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John Harworth's Recitations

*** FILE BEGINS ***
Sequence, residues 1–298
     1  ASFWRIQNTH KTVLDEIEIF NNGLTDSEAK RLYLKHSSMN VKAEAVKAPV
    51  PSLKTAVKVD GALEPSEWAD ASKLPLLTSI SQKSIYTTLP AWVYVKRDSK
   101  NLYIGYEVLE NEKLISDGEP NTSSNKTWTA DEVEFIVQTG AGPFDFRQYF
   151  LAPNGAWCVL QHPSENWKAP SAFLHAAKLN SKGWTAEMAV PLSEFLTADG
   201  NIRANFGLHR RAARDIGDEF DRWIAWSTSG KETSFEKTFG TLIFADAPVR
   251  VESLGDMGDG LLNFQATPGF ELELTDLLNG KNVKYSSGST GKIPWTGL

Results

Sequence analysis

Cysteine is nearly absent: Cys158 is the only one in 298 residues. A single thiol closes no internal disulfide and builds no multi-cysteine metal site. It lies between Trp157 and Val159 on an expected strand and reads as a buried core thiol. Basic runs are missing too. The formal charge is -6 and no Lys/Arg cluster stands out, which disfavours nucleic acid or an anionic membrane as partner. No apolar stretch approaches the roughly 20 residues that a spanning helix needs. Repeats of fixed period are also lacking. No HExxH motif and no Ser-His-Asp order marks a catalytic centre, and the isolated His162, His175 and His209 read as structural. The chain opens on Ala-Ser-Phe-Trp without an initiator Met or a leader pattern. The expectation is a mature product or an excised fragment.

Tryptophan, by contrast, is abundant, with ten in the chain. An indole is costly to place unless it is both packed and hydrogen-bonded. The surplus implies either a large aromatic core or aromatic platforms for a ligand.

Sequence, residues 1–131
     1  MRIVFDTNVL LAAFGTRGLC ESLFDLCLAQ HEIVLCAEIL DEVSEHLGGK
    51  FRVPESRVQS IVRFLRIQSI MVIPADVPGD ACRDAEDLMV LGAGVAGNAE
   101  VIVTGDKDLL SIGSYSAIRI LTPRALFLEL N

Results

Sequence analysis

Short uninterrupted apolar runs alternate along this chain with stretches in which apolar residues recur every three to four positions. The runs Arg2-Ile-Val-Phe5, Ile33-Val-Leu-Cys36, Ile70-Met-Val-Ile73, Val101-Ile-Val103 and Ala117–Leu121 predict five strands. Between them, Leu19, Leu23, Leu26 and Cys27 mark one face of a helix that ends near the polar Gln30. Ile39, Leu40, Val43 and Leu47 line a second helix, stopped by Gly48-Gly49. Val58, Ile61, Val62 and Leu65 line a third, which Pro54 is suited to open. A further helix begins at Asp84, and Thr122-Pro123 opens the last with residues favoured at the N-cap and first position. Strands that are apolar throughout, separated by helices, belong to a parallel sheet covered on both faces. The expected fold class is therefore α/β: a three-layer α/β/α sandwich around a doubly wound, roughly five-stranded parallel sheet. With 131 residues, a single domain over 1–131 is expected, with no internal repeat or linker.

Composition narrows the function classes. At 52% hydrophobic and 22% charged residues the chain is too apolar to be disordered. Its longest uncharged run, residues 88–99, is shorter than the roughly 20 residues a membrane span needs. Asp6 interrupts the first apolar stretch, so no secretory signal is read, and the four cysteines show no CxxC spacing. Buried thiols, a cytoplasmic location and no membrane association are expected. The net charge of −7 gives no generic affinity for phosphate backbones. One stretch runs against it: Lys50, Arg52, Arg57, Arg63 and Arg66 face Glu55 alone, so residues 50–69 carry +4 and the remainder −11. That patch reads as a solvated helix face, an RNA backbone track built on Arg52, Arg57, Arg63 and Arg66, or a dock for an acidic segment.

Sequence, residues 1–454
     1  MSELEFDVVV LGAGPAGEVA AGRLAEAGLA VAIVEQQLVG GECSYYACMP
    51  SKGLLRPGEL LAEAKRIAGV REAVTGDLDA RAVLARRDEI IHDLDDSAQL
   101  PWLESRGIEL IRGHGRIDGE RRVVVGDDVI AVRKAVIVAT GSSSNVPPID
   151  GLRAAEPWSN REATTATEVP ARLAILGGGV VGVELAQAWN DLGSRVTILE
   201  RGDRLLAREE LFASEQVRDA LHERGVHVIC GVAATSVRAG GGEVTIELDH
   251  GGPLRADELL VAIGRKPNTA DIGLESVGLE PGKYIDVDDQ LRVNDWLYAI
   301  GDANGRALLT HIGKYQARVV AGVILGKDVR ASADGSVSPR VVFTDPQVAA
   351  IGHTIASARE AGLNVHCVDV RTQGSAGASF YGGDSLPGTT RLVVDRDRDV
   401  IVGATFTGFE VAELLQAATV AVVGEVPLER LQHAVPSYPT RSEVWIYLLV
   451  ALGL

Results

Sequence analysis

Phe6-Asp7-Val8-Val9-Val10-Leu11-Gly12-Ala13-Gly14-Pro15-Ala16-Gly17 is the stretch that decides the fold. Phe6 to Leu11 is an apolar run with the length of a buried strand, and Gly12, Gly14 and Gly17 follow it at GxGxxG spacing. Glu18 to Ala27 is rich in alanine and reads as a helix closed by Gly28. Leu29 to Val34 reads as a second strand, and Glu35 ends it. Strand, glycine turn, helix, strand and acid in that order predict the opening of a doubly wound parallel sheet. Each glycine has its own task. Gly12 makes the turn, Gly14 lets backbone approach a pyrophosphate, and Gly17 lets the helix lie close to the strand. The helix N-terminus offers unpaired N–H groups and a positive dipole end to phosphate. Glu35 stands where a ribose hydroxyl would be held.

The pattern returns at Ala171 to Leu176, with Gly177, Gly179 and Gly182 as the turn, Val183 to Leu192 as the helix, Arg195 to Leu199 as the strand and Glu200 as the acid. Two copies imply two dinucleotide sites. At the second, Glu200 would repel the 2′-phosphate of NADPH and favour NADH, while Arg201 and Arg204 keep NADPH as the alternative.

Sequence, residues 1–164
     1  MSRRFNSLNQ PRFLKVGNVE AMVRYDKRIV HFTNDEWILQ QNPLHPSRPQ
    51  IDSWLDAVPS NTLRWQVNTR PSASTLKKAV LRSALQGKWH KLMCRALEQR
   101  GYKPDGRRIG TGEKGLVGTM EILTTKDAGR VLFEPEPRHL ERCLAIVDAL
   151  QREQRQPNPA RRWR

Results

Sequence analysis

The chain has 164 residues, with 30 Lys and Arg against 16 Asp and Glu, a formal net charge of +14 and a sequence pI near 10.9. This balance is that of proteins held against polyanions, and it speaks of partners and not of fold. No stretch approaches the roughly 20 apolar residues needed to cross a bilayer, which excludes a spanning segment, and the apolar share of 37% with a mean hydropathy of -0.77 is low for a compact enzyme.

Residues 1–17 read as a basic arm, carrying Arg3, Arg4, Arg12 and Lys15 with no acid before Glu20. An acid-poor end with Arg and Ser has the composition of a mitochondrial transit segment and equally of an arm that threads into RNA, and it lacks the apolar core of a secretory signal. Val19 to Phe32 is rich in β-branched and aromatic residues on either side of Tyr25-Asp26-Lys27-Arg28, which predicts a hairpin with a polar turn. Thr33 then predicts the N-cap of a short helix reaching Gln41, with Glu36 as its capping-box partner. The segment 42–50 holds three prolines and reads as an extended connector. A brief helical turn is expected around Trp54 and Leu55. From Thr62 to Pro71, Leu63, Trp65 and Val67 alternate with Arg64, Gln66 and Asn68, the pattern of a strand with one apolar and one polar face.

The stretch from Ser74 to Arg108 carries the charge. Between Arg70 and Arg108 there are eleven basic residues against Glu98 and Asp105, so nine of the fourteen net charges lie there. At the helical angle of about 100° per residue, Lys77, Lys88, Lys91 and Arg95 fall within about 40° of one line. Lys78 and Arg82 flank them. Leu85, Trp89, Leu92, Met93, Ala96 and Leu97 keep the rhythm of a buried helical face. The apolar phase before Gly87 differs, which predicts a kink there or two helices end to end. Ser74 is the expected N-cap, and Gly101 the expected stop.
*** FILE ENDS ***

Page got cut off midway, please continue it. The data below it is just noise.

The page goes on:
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THE CYMMRODORION ANNUAL DINNER SPEECH BY THE DUKE OF YORK Although the annual gatherings of this hon- ourable society are well patronised, and are considered among the most important of the London Welsh season, the company assembled on Tuesday last at the Whitehall rooms of the Hotel Metropole surpassed any that have assembled for several years past. It is need- less to explain that the great attraction was the royal guest, His Royal Highness the Duke of York, who was expected to deliver an address during the evening. Lord Tredegar presided, and among the distinguished gathering were nearly all the Welsh M.P.'s, the two north Welsh Bishops, Lords Kenyon, Penrhyn, Kensington, Mostyn, and the elite of the London Welsh. The royal toasts having been duly honoured, the secretary read letters of regret from several well-known men as well as congratula- tions from several Welsh provincial societies. Lord Penrhyn, in proposing Our Guest," gave a hearty welcome to his Royal Highness in the name of the Society, and their apprecia- tion of the honour conferred on them in the acceptance of their invitation. The Duke of York, in responding, said it gave him much pleasure to be present and to meet so many distinguished Welshmen. He was also glad that his father had been made the Chancellor of the University of Wales. He proposed the" Success and Prosperity of the Society of Cymmrodorion and eulogised it for its efforts on behalf of Welsh Education and researches. Principal Rhys acknowledged on behalf of the Society, and in an amusing passage gave a description of the earliest feasts held by the Society, he also gave an account of the work done by its aid, and of the abundance of liter- ature that it had been the means of providing the public with. He hoped that soon the prince will pay a visit to the principality, and become the president at one of our Eistedd- fodau. The Bishop of Bangor proposed "Gwlad ein Tadau," to which Mabon responded. Lord Kenyon proposed the health of the Chairman, to which Lord Tredegar made a humorous reply. A splendid programme of music had been arranged by the indefatigable secretary, Mr. Vincent Evans, to whose energies the success of the gathering was largely due.

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